Bookmark and Share Email this page Email Print this page Print Feed Feed

Aloha Beer is a new beer with a familiar name

Steve Sombrero and Dave Campbell at the Aloha Beer
microbrewery, located in Sam Choy’s Breakfast, Lunch
and Crab restaurant.
Photo: David Croxford

With all the different Hawaii beers coming onto the market, it helps if people think your new brew is a long-time favorite.

“When I talk about Aloha Beer, for some reason, many believe it already existed from a long time ago,” says co-founder Steve Sombrero, referring to the feedback he gets on overseas trips. “They recall drinking Aloha Beer and actually remember that it tasted good. … It’s a natural brand for Hawaii.”

Aloha Beer Co., a new Honolulu microbrewery, started rolling out kegs of its craft beers to local bars and restaurants this month, with plans to sell bottles in Hawaii stores starting later this summer and expand overseas next year.

Sombrero, owner and president of the real estate company NAI Chaney Brooks, is partnered with James H.Q. Lee, a Honolulu tax and real-property attorney, and Dave Campbell, a long-time Hawaii brewmaster.

Before the partnership, Lee owned Big Aloha Brewery, a microbrewery based in Sam Choy’s Breakfast, Lunch and Crab restaurant, where Campbell also served as brewmaster. Aloha Beer is now produced at the factory on Nimitz Highway that once produced Big Aloha’s brews.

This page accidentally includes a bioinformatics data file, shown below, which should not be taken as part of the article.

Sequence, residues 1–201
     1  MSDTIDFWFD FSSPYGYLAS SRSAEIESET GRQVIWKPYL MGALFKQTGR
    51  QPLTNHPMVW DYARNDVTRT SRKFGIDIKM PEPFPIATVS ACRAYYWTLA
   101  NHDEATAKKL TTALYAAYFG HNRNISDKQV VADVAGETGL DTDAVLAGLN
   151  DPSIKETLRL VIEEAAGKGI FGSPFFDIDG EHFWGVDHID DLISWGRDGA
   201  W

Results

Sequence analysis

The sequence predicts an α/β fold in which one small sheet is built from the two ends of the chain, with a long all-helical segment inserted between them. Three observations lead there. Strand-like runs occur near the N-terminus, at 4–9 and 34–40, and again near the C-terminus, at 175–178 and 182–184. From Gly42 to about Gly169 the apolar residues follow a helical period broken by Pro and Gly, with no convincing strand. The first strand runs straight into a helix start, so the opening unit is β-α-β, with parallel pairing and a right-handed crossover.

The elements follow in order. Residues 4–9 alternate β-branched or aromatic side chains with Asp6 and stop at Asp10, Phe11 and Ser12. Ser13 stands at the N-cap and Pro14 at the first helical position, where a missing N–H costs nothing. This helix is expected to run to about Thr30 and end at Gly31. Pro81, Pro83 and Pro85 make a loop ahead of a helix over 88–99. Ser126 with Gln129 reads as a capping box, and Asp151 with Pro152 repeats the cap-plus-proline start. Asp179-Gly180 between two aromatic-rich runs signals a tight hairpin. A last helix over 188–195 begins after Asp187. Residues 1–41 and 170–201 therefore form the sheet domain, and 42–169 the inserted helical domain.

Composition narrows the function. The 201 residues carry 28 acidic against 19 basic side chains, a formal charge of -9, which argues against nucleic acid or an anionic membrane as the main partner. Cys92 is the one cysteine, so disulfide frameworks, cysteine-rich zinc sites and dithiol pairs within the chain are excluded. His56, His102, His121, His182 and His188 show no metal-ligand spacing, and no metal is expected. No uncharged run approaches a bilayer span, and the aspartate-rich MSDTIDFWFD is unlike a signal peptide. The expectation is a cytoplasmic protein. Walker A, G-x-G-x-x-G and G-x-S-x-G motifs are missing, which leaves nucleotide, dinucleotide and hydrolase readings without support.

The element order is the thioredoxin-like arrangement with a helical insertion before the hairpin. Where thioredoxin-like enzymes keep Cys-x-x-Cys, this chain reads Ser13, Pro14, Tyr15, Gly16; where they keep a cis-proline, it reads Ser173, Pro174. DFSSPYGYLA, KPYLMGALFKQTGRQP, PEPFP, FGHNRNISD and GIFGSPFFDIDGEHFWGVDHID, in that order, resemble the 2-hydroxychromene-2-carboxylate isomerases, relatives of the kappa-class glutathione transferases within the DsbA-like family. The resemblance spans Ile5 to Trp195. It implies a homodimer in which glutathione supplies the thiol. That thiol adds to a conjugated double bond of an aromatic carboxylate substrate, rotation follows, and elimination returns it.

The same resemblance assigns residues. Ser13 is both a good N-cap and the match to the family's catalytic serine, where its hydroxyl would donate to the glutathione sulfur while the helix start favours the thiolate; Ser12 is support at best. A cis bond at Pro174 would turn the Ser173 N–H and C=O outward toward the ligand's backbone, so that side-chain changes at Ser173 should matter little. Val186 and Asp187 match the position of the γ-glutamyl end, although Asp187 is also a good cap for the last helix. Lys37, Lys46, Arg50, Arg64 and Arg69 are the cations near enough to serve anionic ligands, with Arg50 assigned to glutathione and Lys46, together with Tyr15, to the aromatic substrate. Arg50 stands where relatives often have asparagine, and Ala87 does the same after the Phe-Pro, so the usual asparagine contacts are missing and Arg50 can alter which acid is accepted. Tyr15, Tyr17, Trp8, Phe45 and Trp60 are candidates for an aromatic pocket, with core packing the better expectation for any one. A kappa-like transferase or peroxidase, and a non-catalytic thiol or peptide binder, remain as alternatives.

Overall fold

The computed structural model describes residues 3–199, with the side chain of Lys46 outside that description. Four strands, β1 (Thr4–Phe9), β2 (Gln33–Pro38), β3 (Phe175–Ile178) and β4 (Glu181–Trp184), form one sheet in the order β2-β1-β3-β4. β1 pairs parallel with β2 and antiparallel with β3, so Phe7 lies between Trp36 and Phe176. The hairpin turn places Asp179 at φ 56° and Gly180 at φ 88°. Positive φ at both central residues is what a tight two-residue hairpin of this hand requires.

Hawaii already has other popular microbreweries, but Campbell says a strong local market for craft beers means there is plenty of room for growth. With its strong Hawaii brand, Aloha Beer’s expansion outside of the Islands is a key goal.

“One of the things is that our product sells itself, because we have such a great name, Aloha Beer,” says Sombrero. “At the end of the day, we’re not selling beer, we’re selling Hawaii. People love Hawaii and, because we care about Hawaii, I think we’re the right people to make it happen.”

Hawaii Business magazine invites you to comment on our articles and the issues they raise. Comments are moderated for offensive language, commercial messages and off-topic posts and may be deleted. Some comments may be chosen for inclusion in the magazine on the Feedback page.

Add your comment:

 

Don't Miss an Issue!
Hawaii Business,June